No-knead bread was a hot internet topic several years ago when Mark Bittman wrote about it in his Minimalist column in the New York Times. The recipe was from a baker, Jim Lahey, who had come up with this great way to make bread with almost no heavy work like kneading involved. What was required instead was time. A lot of time… the dough needs to have between 12 and 18 hours to rise and another 1 to 2 hours after it’s been shaped to rise again.
I’ve wanted to try making this bread since I first read about it, but something always stopped me. When I had enough flour, I already had bread, so there was no need. When I ran out of bread, I didn’t have enough flour. Or I didn’t have the time required. As the bread was said to be foolproof, I wanted to see if I was the person who could mess it up.
But instead of a loaf of bread, I’m easing into the process by making focaccia. It’s closer to pizza than bread, and I have success with that kind of dough. The thinking here is to start slow and sneak up on my repeat attempt at bread making. Here goes!
Different from a lot of other breads, this recipe calls for a potato.
Chopped and cooked potato.
Potato, pureed with the cooking liquid.
Flour, yeast, sugar and salt.
The potato puree is added.
That’s mixed together and this is the result.
After 3 hours, the dough has tripled in size.
Before touching the very sticky dough, prepare the baking sheet.
Stretch the dough out to fill the baking sheet.
Chop some rosemary (and some garlic).
Sprinkle the chopped rosemary and garlic over the dough, then push it in with your fingertips.
Bake the dough for 30 – 45 minutes.
Success! This focaccia tastes great and is quite easy to make.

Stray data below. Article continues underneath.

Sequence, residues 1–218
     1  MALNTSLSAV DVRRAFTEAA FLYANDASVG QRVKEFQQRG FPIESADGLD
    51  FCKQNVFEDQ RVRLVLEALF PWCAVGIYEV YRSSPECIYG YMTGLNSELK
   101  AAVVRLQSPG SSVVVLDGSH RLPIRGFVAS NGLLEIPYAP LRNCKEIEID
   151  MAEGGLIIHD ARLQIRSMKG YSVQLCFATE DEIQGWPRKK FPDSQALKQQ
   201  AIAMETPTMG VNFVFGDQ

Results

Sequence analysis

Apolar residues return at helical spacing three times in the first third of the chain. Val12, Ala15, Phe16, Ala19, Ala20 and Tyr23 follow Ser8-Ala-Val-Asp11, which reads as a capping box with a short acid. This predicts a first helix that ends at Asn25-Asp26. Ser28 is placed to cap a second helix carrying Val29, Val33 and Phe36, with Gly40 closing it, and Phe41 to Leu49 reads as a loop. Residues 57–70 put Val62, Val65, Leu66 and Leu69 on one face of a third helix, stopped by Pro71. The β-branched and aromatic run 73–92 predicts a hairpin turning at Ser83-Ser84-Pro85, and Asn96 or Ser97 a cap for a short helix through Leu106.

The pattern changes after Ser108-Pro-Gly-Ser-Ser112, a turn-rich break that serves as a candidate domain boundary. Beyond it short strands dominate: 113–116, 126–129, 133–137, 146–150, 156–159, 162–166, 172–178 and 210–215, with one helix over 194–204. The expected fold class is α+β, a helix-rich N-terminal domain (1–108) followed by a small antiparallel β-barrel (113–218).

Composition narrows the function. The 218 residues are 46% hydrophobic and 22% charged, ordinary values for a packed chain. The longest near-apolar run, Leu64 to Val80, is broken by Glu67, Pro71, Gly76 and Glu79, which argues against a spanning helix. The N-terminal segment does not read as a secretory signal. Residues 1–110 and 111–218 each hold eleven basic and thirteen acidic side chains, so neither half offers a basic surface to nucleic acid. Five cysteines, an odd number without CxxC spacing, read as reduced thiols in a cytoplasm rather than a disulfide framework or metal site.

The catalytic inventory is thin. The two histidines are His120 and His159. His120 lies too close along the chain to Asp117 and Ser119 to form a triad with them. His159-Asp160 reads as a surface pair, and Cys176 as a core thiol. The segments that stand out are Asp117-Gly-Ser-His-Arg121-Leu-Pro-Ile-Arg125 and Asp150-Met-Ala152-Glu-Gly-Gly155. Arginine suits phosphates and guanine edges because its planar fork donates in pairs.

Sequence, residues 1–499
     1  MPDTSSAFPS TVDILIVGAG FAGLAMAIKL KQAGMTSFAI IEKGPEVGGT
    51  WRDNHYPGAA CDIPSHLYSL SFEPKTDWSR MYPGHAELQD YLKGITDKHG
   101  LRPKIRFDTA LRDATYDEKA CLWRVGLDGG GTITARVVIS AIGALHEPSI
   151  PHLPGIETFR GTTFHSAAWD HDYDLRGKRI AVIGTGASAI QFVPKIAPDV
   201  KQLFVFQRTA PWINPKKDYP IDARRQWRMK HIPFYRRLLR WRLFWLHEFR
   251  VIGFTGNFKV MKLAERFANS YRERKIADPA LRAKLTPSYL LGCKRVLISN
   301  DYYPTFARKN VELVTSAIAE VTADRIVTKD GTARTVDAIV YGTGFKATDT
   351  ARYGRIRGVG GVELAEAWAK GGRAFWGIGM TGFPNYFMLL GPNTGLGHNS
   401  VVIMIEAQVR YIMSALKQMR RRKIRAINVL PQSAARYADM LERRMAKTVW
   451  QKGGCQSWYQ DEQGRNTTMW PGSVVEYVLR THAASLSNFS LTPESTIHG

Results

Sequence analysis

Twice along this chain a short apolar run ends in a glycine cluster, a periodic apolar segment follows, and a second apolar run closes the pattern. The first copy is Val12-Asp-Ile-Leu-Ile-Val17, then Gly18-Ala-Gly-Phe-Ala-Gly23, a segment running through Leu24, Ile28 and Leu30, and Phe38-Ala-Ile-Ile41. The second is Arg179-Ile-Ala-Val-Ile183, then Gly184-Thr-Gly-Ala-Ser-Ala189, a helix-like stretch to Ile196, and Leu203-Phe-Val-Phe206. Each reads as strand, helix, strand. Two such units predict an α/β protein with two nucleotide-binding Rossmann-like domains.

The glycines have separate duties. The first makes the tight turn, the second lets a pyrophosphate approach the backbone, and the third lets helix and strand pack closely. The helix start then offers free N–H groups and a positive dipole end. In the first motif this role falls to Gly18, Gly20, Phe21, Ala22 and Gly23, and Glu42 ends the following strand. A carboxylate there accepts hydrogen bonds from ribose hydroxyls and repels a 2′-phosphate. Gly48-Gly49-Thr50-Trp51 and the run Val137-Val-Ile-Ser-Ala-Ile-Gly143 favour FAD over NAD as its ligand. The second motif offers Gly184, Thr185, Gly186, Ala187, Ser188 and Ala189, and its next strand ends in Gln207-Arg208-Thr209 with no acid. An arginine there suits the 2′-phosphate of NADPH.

Focaccia, served with olive oil for dipping.
From the book My Bread by Jim Lahey.
1 peeled Yukon Gold potato, cut into 1-inch chunks (about 1 cup)
2-1/2 cups cool water
4-1/2 cups bread flour
2-1/2 tsp. instant yeast
1 tsp. sugar
1-1/2 tsp. salt
1/4 cup extra virgin olive oil, divided
1. Put the potatoes and water in a small saucepan, cover and bring to a boil over high heat. Cook until the potato chunks fall apart when pierced with a fork or knife tip.
2. Use a blender, an immersion blender or a food mill to puree the potatoes with the cooking water until smooth. Let the mixture cool to 120 degrees F; it will feel very warm to the touch but not scalding.
3. In a large bowl, stir together the flour, yeast, sugar and half the salt. Add the potato puree and, using a wooden spoon or your hands, mix until you have a wet, sticky dough, about 30 seconds. Cover the bowl and let sit at room temperature until the dough is tripled in size, about 2 to 3 hours.
4. Lightly oil a 13 x 18″ rimmed baking sheet. Use a bowl scraper or rubber spatula to scrape the dough onto the baking pan. It will still be quite loose and sticky. Gently pull the dough and stretch it across the surface of the pan., then oil your hands and press the dough evenly out to the edges. Drizzle with 3 tablespoons of the oil and sprinkle with the remaining salt (and whatever herbs or seasonings you want to use). Use your fingertips to create dimples all over the surface of the dough. Let the dough rise in a warm, draft-free spot until it has all risen just over the edges of the pan, 45 minutes to 1 hour.
5. Half an hour before the end of the second rise, preheat the oven to 400 degrees F, with a rack in the centre.
5. Gently place the focaccia in the oven on the centre rack (the risen dough is delicate; a bump going into the oven could collapse it) and bake for 30 to 45 minutes, until the top is evenly golden brown. Transfer the pan to a rack to cool, and give it at least a few minutes before slicing and serving warm or at room temperature.